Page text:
More problematic is the fact that musicians in New Orleans have almost no power to tip the scales in their favor. The union is of practically zero help because the overwhelming majority of local musicians are not union members, mostly because they can’t afford to waste money on dues for a union that does nothing for them (a catch 22, I know.)

      And for many clubs, like the majority on Frenchmen, it is easy to see bands as an expense rather than an investment because there is no direct revenue stream to pay for the music (cover charge). In fact, most of the clubs on Frenchmen cannot charge a cover because of out-dated zoning laws. In this arrangement there is no way to see how much revenue from beverage & food sales for the bar are related to the band’s ability to draw people into the club.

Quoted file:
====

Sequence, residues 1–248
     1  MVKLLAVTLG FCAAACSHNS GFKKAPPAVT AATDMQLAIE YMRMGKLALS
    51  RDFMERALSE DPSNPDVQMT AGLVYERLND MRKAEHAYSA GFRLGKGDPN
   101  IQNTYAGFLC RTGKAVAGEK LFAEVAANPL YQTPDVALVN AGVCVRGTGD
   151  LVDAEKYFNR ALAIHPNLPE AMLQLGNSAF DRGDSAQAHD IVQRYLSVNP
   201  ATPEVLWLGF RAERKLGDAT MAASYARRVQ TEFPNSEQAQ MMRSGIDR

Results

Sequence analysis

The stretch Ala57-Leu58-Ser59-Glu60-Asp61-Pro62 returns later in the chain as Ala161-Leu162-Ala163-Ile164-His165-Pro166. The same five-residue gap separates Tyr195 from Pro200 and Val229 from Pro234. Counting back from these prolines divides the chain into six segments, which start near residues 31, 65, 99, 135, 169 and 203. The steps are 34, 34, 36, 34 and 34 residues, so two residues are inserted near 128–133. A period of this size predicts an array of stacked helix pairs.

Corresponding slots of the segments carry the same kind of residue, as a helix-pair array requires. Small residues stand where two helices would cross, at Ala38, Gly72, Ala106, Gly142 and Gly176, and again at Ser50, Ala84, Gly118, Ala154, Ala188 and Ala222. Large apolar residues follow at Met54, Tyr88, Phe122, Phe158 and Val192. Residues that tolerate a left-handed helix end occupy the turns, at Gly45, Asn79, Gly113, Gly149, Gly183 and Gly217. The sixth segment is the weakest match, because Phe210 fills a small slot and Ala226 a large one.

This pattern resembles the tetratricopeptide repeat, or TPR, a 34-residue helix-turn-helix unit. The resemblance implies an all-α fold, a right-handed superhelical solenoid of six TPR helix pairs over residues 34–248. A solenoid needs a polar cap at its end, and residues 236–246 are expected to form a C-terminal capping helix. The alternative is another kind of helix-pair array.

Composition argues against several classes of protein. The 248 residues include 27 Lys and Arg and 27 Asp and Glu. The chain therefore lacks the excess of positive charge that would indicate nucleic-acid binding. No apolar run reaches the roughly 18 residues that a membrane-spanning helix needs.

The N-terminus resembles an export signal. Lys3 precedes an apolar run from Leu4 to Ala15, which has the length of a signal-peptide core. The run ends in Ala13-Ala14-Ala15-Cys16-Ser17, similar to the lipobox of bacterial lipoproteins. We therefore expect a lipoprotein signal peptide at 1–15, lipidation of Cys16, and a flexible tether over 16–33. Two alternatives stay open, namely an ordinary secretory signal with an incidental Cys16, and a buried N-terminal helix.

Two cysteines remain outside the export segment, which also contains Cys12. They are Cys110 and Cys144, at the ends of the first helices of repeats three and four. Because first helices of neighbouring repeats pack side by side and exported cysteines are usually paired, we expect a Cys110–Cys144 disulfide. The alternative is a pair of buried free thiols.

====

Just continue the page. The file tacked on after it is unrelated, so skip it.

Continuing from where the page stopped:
Basically, it’s hard for musicians in this town to get paid a good wage for playing music because nobody is paying for the music.

      *I’m aware that there are many exceptions to this rule, but in my experience as a local working musician, I do believe they are just that—exceptions.

    • Joe Cullen

      Pay me $200 for a gig Matthew white and I won’t play for $40. Oh, and buy me a sandwich too.